America Adrift – Slippage or Growing Pains

It is such an odd feeling to be adrift in the world. It used to seem to me that every globe was mechanically calibrated. As a scale always returns to zero, a globe seemed to return the Americas to the front and center position regardless of which way you turned it. Well that old centering mechanism is broken. The globe now stops wherever the momentum of the spin ends.

Of course it’s a metaphor, a metaphor and a child’s perception about America’s belief that it was the best country on the planet, an absolute fiery furnace of industry and a fountain of prosperity, the source of invaluable capitalist know-how and the Protestant work ethic – and the last, best mediator of humanitarian behavior and global justice. And although it all sounds a bit self-righteous and boastful from our current perspective, it produced results, both positive and negative, and kept Europe busy enough that it experienced 70 years of peace among nations that had previously involved the world in two world wars.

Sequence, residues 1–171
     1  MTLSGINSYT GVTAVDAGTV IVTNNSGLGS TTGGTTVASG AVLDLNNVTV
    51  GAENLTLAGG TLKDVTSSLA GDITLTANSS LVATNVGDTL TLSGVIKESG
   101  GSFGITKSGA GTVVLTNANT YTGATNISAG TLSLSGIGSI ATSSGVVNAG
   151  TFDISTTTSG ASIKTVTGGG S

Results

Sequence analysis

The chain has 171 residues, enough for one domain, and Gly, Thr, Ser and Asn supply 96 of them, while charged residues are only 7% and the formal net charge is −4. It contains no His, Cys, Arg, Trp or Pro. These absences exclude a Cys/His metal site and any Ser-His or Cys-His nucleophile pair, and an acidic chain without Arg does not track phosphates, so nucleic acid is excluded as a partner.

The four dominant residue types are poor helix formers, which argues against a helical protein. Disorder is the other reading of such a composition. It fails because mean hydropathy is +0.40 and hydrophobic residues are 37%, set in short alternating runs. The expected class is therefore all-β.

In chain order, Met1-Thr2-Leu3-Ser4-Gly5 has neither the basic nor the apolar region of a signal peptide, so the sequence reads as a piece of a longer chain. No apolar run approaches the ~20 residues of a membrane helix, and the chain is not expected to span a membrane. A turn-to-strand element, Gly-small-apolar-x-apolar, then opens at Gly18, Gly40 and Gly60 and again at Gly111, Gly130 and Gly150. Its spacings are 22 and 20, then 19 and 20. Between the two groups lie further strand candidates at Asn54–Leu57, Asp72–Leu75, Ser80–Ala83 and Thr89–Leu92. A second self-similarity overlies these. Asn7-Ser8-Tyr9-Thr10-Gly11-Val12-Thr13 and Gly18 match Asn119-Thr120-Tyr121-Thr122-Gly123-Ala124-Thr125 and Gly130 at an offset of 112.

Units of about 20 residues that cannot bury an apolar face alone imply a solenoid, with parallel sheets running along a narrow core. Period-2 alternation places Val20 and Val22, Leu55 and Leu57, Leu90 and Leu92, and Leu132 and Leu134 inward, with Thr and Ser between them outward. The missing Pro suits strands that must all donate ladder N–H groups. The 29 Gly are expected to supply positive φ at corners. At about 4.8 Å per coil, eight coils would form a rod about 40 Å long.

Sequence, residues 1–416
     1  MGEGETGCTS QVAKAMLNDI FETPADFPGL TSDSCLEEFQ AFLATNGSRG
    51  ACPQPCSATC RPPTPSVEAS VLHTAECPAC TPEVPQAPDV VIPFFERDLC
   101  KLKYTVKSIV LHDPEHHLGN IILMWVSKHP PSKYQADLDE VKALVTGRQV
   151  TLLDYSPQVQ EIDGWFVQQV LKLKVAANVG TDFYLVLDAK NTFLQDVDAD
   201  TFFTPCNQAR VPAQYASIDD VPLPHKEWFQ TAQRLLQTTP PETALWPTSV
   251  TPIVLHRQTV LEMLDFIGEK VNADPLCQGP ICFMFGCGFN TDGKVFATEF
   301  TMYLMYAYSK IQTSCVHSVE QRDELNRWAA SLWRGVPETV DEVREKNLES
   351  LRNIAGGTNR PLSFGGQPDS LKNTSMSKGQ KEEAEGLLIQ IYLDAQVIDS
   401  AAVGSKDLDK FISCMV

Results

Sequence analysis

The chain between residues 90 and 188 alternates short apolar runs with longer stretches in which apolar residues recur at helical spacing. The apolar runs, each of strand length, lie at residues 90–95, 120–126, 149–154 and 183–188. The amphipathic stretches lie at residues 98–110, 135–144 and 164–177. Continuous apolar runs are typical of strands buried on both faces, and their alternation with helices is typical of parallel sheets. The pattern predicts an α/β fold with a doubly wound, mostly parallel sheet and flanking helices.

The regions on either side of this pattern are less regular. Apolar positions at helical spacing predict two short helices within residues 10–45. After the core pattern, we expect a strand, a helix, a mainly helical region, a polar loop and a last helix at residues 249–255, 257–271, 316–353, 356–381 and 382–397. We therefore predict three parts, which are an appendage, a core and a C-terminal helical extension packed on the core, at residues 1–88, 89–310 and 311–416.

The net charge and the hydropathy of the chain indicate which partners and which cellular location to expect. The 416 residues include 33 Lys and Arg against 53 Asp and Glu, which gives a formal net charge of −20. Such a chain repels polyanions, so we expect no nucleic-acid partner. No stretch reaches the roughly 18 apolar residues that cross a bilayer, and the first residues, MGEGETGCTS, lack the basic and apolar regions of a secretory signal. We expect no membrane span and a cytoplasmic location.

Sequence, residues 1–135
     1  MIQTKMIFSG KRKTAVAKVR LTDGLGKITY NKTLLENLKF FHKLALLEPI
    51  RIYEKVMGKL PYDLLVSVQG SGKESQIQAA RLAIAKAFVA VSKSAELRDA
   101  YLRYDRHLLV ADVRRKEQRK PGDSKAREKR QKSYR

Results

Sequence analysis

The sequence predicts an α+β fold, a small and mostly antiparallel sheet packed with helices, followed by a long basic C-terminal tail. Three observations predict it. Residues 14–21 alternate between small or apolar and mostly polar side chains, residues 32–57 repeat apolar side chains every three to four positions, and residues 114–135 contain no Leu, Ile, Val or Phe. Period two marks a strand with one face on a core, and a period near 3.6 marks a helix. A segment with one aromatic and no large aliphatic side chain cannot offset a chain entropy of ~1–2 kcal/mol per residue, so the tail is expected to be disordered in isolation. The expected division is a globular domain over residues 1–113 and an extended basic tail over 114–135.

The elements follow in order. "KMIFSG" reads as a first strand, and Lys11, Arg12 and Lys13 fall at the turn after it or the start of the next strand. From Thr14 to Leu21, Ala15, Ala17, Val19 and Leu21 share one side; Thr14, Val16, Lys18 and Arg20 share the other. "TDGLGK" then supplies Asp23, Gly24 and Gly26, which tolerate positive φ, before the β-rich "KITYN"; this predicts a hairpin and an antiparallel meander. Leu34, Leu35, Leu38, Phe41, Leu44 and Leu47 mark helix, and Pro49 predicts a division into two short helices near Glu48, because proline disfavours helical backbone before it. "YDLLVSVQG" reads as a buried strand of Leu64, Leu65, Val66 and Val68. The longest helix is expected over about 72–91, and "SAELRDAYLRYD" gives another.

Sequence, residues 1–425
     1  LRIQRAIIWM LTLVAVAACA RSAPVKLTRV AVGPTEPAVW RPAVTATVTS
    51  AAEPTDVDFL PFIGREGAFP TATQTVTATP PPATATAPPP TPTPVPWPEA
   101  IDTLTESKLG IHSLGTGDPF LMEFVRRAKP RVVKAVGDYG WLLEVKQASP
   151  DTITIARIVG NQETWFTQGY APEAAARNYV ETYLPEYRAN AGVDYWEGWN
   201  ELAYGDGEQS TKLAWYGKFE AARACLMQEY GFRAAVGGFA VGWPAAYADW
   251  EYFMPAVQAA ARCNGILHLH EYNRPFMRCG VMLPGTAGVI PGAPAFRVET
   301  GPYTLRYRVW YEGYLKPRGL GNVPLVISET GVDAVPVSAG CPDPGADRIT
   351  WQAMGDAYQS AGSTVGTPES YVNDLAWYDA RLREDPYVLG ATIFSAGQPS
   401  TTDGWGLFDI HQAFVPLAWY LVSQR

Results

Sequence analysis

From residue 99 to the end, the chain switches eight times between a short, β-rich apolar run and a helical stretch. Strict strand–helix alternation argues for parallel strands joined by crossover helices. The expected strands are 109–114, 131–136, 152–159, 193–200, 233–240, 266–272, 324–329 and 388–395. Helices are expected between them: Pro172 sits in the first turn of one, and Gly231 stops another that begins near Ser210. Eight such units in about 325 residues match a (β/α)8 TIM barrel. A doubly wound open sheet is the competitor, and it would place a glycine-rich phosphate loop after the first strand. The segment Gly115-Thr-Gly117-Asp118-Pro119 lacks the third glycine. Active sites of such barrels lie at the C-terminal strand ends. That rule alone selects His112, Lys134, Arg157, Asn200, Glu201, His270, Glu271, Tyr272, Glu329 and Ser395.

We have come down from those lofty heights to confront our flaws, our ‘sins’ of pride. Perhaps in our zeal to convert nations to democracy we lost sight of ideology and/or confused it with economics. Because it seems today that it was all about money. Communism as described by those who thought it into being (Marx, Engels) was both a governmental ideology and an economic system and as it turned out, an authoritarian state that used a virtual Iron Curtain to keep its own sad secrets. And yet there was and is a global tug-of-war over whether democracy and capitalism or communism will win in the ideological war by collecting the most nations. A democracy/republic did not necessarily specify any economic model, but other democracies and republics did practice various brands of capitalism, far simpler than what capitalism became in the Industrial Age, but enough to join the governmental system and the economic system in holy (or unholy) matrimony.